How Much Money Does It Take to Buy a House?

I get this question a lot from my buyers, and my short answer is that it’s a long answer! Seriously though, there are a lot of variables to consider when addressing with this question, and the best resource for it is a mortgage professional. One of my go-to mortgage people – Kristy Osborn with Service First Mortgage – sent me an interesting email on this subject that I thought would be great to share. It helps explain the ins and outs of determining how much you’ll need to bring to the table to buy your next dream home!

Basically, there are three factors that make up a borrower’s out-of-pocket expenses at closing:  1) Downpayment, 2) Closing Costs and 3) Prepaids.

1. Downpayment –  Each Mortgage Type has their own standard requirement for down payment:

  • FHA– 3.5% down payment required
  • VA– No down payment required
  • USDA– No down payment required (this type of loan is restricted to certain zip codes)
  • Conventional– Minimum 5% down payment required (there are also 3% down programs with very restrictive guidelines)

2. Closing Costs –  Closing costs are comprised of the 10+ companies that are involved in the transaction. These include Appraisal, Survey (typically the sellers’ survey can be used if they have an existing one), Tax Certifications, Underwriting, Processing, Wire Transfer Fees, Title Fees, Recording Fees, Credit Check Fees, Recording Fees, Closing Attorney, Closing Docs Attorney (who draws your closing documents), etc, etc.

3. Pre-Paids –  This amount of money is dedicated to setting up your escrow account with your mortgage company, so that your mortgage company can pay your taxes and insurance as part of your monthly payment.  Typically this consists of 1 year of homeowners insurance +3 months in reserve in insurance + 3 months of reserve in taxes.  You don’t have to have an escrow account with your mortgage company if you’re putting 20% down on your new home.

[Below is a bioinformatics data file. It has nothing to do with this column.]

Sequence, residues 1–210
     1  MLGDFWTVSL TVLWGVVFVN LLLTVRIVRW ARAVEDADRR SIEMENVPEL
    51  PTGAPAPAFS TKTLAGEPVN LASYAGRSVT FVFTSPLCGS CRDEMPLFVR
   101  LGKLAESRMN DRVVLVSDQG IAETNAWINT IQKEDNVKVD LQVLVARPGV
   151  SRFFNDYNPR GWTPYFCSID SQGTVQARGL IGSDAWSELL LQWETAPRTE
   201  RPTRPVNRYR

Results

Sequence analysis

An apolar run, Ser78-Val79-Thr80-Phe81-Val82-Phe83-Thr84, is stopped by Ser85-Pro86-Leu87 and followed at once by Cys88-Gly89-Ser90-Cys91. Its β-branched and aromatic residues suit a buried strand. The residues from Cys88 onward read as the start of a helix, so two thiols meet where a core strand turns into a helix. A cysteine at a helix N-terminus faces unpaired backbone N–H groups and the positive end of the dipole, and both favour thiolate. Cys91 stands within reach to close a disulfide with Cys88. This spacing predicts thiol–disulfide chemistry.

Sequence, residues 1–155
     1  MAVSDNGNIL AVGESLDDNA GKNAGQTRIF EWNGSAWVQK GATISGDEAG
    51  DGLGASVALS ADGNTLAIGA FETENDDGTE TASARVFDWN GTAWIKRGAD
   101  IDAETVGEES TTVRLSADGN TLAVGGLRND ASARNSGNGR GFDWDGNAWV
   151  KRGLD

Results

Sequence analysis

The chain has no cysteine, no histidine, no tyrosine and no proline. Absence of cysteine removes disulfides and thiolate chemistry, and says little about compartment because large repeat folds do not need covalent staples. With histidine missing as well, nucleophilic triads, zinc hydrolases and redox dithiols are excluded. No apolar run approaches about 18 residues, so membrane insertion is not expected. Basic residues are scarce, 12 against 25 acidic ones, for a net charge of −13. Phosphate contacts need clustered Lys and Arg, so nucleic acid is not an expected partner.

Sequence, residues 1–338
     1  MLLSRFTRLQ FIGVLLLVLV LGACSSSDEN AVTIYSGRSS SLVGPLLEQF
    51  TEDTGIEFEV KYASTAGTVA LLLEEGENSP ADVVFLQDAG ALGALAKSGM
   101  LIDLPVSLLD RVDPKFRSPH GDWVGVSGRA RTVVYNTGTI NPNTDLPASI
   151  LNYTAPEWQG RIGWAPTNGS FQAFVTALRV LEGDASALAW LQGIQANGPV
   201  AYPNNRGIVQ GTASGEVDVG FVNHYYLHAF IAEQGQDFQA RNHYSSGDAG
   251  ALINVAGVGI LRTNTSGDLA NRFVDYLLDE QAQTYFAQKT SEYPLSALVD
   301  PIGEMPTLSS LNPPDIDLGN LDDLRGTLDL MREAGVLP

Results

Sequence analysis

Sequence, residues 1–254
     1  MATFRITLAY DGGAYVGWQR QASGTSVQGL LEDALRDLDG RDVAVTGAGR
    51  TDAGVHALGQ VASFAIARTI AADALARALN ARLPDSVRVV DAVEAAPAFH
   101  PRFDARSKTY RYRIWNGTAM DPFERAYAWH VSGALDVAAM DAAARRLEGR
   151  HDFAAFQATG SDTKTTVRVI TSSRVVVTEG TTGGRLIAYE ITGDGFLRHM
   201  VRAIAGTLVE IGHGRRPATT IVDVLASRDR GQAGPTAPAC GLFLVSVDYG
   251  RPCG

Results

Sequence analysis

For a quick calculation of the amount you’ll need – please note this is not exact and will can vary widely – the following ballpark figures can be applied for you to know the amount that you might need.

  • $100,000 sales price- use (for closing cost and prepaids) $6,000.
  • For each $1000 up or down add or subtract $30 ($101,000 would be $6,030; $99,000 would be $5,970).
  • Add the down payment required/ requested (see above)

So, if you’re purchasing a $200,000 home with an FHA loan, then you can estimate $6,000 + $3,000 + $7,000 Downpayment = $16,000 needed.

Another consideration to this amount is that buyers can ask sellers to cover some of their closing costs.  Different types of loans allow for different amounts. It is important for me to say, however, that in this competitive sellers market that we’re currently in here in North Texas, seller contributions are becoming increasingly rare…this is especially true when there are multiple offers on a home, so don’t count on this!  In a normal market though, this is how much sellers can contribute as part of negotiations of the contract to purchase their home:

  • FHA -The seller is allowed to pay any or all of the closing cost and prepaids up to 6% of the sales price provided the buyer has at least 3.5% into the loan.
  • VA – The seller is allowed to pay any or all of the closing cost and prepaids up to 4% of the sales price plus the VA non-allowables (costs that VA does not allow a buyer to pay so the seller has to agree to them as part of the negotiations).
  • USDA -The seller is allowed to pay any or all of the closing cost and prepaids up to 6% of the sales price.
  • Conventional–  The seller is allowed to pay up to 3% of the sales price toward the closing cost and prepaids, but cannot pay any of the downpayment.  If the buyer is putting 10% or more down, the seller is allowed to pay up to 6% of the sales price toward the closing cost and prepaids, but cannot pay any of the downpayment.  For an investment property, the seller is maxed at 2% of the sales price toward buyer’s closing cost and prepaids.

I hope this has been helpful and informative!  Of course it costs money to buy your new home, but considering the great investment that it is and will be for you for years to come, that money is well worth it. As always, I’m here for any questions you might have, so please don’t ever hesitate to get in touch!

One Comment on “How Much Money Does It Take to Buy a House?

  1. You have answered a question I’ve long pondered. Among my peers there is a lot of chatter about homeownership, but little chatter about the cost. My friend and her husband recently purchased a home. She was kind enough to include me in the process from day 1. I learned a lot about all the fees that one has to pay. Your breakdown brings it all full circle. I will post this on my Facebook.

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